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If you inject a 19 kHz pilot tone on a mono transmitter, assuming that the audio circuitry will pass it, that will cause the stereo decoder in the receiver to switch on. The stereo light will go on, but it will also reduce the signal to noise ratio of the detected signal. Why is that? Mainly because most of the noise that is added in the stereo mode comes from the difference channel between 23 and 53 kHz (30 kHz worth, to be exact). Further adding to the S/N deficit is the fact that the post-detection FM noise spectrum is parabolic, which means that there is significantly more noise per Hz at higher frequencies. Stereo transmission incurs a penalty of approximately 23 dB S/N degradation as compared to mono.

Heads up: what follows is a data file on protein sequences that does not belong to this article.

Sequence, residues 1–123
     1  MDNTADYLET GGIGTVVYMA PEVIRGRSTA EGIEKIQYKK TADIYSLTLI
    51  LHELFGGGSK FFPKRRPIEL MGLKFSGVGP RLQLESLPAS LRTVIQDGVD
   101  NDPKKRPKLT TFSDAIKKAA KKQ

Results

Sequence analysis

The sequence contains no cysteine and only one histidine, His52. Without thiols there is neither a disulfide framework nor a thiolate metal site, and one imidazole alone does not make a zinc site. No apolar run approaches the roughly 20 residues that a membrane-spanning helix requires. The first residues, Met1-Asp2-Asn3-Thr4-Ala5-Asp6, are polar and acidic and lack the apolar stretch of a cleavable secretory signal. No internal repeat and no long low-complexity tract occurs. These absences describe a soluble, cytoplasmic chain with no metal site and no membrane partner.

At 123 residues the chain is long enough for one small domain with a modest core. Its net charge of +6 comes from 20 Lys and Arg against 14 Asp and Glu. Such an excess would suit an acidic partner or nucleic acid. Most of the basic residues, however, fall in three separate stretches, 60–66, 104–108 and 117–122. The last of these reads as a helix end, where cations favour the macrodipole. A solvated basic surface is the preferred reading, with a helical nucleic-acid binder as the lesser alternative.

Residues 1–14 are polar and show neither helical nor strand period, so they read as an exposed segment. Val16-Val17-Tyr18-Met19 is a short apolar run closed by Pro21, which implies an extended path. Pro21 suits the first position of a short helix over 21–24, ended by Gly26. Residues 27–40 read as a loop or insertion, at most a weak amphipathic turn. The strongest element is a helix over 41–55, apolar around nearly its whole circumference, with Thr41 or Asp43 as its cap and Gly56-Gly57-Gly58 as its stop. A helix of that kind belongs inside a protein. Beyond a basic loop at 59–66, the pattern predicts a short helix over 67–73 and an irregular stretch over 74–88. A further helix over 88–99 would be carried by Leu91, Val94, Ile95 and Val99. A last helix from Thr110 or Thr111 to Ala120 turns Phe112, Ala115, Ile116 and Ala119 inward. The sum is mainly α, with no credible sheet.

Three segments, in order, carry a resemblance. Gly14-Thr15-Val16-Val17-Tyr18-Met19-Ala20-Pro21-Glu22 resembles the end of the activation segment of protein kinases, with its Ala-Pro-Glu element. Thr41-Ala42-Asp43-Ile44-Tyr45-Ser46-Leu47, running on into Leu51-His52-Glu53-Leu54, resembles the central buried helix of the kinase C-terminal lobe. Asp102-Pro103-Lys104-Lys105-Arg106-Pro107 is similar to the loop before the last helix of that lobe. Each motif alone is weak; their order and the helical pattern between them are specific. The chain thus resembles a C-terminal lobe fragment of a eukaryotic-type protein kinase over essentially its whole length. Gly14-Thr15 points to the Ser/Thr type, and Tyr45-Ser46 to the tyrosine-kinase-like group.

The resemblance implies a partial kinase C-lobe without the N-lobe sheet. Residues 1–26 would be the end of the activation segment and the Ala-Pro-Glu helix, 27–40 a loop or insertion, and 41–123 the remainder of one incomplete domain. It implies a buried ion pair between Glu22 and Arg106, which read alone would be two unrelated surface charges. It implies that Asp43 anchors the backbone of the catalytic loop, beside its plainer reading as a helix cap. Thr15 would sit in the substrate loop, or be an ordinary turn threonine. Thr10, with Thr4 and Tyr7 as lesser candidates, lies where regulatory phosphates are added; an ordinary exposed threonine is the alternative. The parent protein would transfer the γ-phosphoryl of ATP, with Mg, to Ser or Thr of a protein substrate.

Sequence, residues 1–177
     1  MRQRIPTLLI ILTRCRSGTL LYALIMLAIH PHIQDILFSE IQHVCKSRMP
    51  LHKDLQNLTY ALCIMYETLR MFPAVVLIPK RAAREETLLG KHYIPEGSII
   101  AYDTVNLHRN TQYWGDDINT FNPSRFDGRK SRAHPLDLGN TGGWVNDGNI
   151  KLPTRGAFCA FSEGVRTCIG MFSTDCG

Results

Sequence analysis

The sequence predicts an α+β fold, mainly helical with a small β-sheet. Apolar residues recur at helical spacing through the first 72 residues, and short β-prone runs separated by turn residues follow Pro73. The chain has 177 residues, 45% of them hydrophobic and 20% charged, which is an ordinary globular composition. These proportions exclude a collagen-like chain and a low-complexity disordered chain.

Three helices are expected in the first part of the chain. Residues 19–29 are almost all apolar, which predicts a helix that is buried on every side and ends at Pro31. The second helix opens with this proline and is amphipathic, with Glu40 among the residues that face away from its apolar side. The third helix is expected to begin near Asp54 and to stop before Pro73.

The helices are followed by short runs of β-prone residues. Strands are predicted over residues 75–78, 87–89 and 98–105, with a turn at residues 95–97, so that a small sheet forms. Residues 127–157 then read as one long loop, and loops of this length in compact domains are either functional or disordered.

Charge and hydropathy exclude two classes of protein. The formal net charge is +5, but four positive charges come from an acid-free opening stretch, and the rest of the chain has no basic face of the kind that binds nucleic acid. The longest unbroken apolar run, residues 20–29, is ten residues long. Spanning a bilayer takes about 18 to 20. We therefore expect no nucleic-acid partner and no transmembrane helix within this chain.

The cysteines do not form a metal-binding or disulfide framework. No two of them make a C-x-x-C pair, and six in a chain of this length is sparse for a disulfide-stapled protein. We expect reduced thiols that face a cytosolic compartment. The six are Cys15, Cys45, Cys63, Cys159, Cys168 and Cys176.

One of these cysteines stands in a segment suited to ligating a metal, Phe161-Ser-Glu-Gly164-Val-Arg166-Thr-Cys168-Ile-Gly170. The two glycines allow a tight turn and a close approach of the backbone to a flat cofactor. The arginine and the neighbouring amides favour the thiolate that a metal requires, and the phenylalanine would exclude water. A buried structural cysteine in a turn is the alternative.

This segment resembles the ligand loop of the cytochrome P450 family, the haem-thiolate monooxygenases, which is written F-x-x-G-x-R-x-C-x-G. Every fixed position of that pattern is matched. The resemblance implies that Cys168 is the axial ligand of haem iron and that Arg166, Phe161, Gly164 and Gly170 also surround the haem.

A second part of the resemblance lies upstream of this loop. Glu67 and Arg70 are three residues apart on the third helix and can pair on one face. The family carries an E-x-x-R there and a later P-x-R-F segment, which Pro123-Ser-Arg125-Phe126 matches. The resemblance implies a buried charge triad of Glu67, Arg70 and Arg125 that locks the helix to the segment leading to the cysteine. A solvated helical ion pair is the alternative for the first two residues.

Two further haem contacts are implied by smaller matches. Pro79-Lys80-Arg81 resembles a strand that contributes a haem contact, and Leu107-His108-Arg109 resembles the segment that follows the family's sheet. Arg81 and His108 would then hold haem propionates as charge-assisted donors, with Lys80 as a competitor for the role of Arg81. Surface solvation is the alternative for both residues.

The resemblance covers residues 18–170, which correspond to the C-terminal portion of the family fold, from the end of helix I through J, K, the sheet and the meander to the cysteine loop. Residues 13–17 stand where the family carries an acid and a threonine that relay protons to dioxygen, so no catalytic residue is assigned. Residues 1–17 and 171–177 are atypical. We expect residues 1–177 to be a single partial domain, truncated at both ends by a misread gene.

So, the bottom line is: if you want to maximize your range by transmitting in mono, do NOT turn on the stereo decoder of the receiver by transmitting a 19 kHz pilot.